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This came up from this answer to a previous question of mine. Is it guaranteed for the compiler to treat array[4][4] the same as array[16]? For instance, would either of the below calls to api_func() be safe?

void api_func(const double matrix[4][4]);

// ...

{
  typedef double Matrix[4][4];

  double* array1 = new double[16];
  double array2[16];

  // ...

  api_func(reinterpret_cast<Matrix&>(array1));
  api_func(reinterpret_cast<Matrix&>(array2));
}
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7 Answers 7

up vote 3 down vote accepted

From the C++ standard, referring to the sizeof operator:

When applied to an array, the result is the total number of bytes in the array. This implies that the size of an array of n elements is n times the size of an element.

From this, I'd say that double[4][4] and double[16] would have to have the same underlying representation.

I.e., given

sizeof(double[4]) = 4*sizeof(double)

and

sizeof(double[4][4]) = 4*sizeof(double[4])

then we have

sizeof(double[4][4]) = 4*4*sizeof(double) = 16*sizeof(double) = sizeof(double[16])

I think a standards-compliant compiler would have to implement these the same, and I think that this isn't something that a compiler would accidentally break. The standard way of implementing multi-dimensional arrays works as expected. Breaking the standard would require extra work, for likely no benefit.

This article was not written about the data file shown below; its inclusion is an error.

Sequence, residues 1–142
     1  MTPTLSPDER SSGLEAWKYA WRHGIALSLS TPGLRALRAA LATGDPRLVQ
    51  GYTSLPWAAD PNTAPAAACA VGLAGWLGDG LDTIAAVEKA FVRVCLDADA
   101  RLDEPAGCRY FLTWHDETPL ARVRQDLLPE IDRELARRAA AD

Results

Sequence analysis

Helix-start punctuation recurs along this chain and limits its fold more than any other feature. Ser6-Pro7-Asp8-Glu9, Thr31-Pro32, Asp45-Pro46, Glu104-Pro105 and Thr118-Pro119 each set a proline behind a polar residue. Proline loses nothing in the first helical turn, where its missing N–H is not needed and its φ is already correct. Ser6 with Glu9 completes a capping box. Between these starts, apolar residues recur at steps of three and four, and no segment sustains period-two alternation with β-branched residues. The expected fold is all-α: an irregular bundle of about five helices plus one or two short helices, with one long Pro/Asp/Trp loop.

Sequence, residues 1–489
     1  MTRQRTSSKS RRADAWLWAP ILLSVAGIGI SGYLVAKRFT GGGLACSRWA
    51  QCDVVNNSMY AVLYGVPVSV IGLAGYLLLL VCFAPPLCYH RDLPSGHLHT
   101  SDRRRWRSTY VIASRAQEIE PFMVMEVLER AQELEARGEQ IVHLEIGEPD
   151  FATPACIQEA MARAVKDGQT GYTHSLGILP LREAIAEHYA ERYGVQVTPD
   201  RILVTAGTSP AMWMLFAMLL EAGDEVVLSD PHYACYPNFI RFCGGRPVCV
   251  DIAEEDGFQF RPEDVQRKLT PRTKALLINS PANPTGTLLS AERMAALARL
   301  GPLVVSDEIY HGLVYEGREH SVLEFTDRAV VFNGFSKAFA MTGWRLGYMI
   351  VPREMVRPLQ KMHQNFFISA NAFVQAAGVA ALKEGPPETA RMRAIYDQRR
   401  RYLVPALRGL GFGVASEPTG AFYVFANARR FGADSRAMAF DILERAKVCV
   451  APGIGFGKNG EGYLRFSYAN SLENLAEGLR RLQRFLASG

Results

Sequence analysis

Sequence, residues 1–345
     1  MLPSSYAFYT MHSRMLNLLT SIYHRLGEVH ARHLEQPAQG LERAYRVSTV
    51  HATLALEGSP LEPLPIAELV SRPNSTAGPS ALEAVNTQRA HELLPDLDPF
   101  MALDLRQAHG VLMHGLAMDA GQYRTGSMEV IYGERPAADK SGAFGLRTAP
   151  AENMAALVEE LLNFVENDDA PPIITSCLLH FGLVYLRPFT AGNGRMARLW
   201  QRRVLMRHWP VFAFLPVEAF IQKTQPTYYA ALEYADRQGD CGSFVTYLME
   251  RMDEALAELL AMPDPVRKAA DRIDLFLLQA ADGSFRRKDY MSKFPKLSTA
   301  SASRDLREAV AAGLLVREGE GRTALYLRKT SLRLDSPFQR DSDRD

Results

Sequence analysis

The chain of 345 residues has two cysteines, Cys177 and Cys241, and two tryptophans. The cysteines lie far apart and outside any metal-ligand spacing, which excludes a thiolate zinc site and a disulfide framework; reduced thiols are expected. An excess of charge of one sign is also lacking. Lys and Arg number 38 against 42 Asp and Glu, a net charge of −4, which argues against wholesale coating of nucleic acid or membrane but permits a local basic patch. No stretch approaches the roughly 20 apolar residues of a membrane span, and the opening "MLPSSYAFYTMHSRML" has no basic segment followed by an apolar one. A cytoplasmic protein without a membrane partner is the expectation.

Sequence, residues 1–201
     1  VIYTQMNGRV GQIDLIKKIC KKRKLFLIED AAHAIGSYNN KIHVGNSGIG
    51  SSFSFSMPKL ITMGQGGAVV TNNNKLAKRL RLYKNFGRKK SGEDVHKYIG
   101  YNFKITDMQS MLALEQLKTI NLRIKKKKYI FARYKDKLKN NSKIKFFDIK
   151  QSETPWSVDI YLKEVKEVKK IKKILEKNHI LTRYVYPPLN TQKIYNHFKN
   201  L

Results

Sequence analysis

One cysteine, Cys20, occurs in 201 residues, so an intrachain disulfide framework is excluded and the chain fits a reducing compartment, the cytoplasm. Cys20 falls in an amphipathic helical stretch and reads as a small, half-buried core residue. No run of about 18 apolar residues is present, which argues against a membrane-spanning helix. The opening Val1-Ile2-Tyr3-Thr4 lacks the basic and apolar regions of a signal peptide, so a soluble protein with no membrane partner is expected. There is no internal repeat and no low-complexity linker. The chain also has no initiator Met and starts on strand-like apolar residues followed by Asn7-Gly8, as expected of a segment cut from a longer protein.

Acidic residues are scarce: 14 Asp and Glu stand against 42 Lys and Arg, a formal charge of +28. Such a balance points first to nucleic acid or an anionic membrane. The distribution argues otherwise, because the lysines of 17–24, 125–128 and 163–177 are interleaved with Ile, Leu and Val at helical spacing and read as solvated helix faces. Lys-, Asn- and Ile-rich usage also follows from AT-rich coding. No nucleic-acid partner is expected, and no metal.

The C++ standard also states that an array consists of contiguously-allocated elements, which eliminates the possibility of doing anything strange using pointers and padding.

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I don't think there is a problem with padding introduced by having a multi-dimensional array.

Each element in an array must satisfy the padding requirements imposed by the architecture. An array [N][M] is always going to have the same in memory representation as one of [M*N].

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Each array element should be laid out sequentially in memory by the compiler. The two declarations whilst different types are the same underlying memory structure.

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@Konrad Rudolph:

I get those two (row major/column major) mixed up myself, but I do know this: It's well-defined.

int x[3][5], for example, is an array of size 3, whose elements are int arrays of size 5. (§6.5.2.1) Adding all the rules from the standard about arrays, addressing, etc. you get that the second subscript references consecutive integers, wheras the first subscript will reference consecutive 5-int objects. (So 3 is the bigger number; you have 5 ints between x[1][0] and x[2][0].)

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I would be worried about padding being added for things like Matrix[5][5] to make each row word aligned, but that could be simply my own superstition.

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A bigger question is: do you really need to perform such a cast?

Although you might be able to get away with it, it would still be more readable and maintainable to avoid altogether. For example, you could consistently use double[m*n] as the actual type, and then work with a class that wraps this type, and perhaps overloads the [] operator for ease of use. In that case, you might also need an intermediate class to encapsulate a single row -- so that code like my_matrix[3][5] still works as expected.

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@Tyler: I agree this sort of cast would be bad form. I'm assuming the api_func() in question is something fixed, and the cast would be a way to mould other data (that's in a slightly different form for whatever reason) to the required shape, instead of having to copy all array values into a new structure before passing them to the function.

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